Hematologic Effects

Decreases in hemoglobin and hematocrit reported early during therapy, followed by stabilization; rarely have required transfusion.1 3 4

Monitor hemoglobin concentrations prior to initiation and as clinically indicated during therapy.1

Do not initiate therapy in patients with severe anemia.1

Pulmonary Effects

If manifestations of pulmonary edema occur, consider possibility of pulmonary veno-occlusive disease; if confirmed, discontinue drug.1

Fertility in Males

Reduced sperm counts observed in some men receiving other endothelin-receptor antagonists; possibility of adverse effects on spermatogenesis with macitentan cannot be excluded.1

Specific Populations


Category X.1 (See Fetal/Neonatal Morbidity and Mortality and also see Contraindications, under Cautions.)


Distributed into milk in rats; not known whether drug is distributed into human milk.1 Discontinue nursing or the drug.1

Pediatric Use

Safety and efficacy not established in pediatric patients.1

Geriatric Use

No overall differences in safety or efficacy relative to younger patients.1

Hepatic Impairment

Decreased systemic exposure to macitentan in patients with hepatic impairment; however, not considered clinically important.1 17

Renal Impairment

Increased systemic exposure to macitentan and its active metabolite in patients with severe renal impairment (Clcr 15–29 mL/minute); however, not considered clinically important.1 17

Common Adverse Effects

Anemia,1 3 nasopharyngitis/pharyngitis,1 3 bronchitis,1 3 headache,1 3 influenza,1 urinary tract infection.1

Interactions for Macitentan

Metabolized principally by CYP3A4, and to a lesser extent by CYP2C19.1 13 14 At clinically relevant concentrations, does not inhibit or induce CYP enzymes.1 13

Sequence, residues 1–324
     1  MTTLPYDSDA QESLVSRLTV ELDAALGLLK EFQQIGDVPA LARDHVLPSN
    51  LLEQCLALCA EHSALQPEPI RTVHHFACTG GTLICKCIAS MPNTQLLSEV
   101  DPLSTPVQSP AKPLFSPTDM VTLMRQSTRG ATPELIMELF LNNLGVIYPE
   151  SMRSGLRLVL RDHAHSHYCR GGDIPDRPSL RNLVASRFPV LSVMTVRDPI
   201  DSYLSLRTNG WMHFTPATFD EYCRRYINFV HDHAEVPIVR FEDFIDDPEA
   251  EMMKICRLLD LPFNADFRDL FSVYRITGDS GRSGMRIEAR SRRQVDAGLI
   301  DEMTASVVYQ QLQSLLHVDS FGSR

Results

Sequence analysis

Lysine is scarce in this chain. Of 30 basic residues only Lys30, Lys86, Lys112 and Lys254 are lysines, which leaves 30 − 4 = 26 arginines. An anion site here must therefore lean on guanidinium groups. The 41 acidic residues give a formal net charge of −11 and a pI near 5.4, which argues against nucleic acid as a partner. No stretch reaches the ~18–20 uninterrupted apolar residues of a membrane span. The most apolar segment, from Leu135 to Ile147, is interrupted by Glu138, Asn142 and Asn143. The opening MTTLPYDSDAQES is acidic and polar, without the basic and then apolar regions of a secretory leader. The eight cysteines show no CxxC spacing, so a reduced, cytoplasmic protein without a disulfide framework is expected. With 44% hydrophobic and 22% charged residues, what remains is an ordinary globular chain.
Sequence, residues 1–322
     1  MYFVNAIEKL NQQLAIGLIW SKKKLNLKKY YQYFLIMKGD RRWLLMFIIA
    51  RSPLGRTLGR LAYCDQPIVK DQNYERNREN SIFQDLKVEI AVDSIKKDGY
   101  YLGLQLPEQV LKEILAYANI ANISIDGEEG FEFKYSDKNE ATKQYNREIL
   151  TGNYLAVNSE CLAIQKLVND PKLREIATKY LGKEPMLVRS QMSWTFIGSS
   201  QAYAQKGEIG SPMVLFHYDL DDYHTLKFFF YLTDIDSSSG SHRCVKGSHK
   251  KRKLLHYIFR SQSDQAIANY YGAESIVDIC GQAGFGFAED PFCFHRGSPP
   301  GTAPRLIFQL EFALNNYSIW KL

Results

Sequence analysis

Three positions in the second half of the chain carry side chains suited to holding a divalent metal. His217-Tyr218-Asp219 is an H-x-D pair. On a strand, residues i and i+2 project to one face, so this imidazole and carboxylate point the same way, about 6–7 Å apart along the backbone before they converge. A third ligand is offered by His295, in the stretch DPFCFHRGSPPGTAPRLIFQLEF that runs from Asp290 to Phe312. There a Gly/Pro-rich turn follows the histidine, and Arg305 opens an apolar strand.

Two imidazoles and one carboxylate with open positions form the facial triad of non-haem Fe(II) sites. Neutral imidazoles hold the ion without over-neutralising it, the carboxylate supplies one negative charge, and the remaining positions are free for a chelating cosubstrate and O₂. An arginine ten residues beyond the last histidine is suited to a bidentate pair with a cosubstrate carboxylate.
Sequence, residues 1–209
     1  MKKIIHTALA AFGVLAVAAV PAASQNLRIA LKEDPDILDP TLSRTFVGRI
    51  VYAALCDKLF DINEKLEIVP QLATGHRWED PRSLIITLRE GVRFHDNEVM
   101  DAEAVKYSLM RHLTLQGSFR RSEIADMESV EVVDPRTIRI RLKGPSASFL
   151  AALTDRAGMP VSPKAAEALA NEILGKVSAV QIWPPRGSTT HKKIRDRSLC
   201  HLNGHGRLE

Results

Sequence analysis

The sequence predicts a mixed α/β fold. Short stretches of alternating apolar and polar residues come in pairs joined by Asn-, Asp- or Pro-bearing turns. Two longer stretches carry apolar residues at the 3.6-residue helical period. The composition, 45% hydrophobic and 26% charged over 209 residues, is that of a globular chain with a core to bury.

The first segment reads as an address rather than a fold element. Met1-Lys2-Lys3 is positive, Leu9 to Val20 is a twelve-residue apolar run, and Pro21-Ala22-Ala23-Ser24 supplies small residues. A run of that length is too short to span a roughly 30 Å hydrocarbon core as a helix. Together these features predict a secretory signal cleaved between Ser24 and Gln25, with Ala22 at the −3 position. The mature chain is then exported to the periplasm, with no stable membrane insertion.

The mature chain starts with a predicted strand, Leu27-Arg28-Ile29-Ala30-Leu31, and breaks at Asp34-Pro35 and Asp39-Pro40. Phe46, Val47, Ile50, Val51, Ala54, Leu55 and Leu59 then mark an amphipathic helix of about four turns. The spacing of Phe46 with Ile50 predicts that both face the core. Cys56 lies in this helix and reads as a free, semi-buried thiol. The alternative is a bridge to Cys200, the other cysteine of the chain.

Not a substrate or inhibitor of P-glycoprotein (P-gp) or the organic anion transport proteins (OATP) 1B1 and 1B3.1 14 15

Drugs Affecting Hepatic Microsomal Enzymes

Potent inhibitors of CYP3A4: Potential increased macitentan exposure; avoid concomitant use.1

Potent inducers of CYP3A4: Potential decreased macitentan exposure; avoid concomitant use.1

Specific Drugs





No substantial alteration in systemic exposure to macitentan or its metabolites at steady state1 15

No dosage adjustments necessary1

HIV protease inhibitors (e.g., ritonavir)

Potential increased exposure to macitentan when used with HIV protease inhibitors that are potent CYP3A4 inhibitors1

Avoid concomitant use; in patients who require potent CYP3A4 inhibitor drugs as part of their HIV treatment, PAH therapies other than macitentan are recommended1


Increased systemic exposure to macitentan by approximately twofold, but decreased exposure to active metabolite1 14

Manufacturer states to avoid concomitant use1


Substantially reduced systemic exposure to and trough plasma concentrations of macitentan1 15

Avoid concomitant use1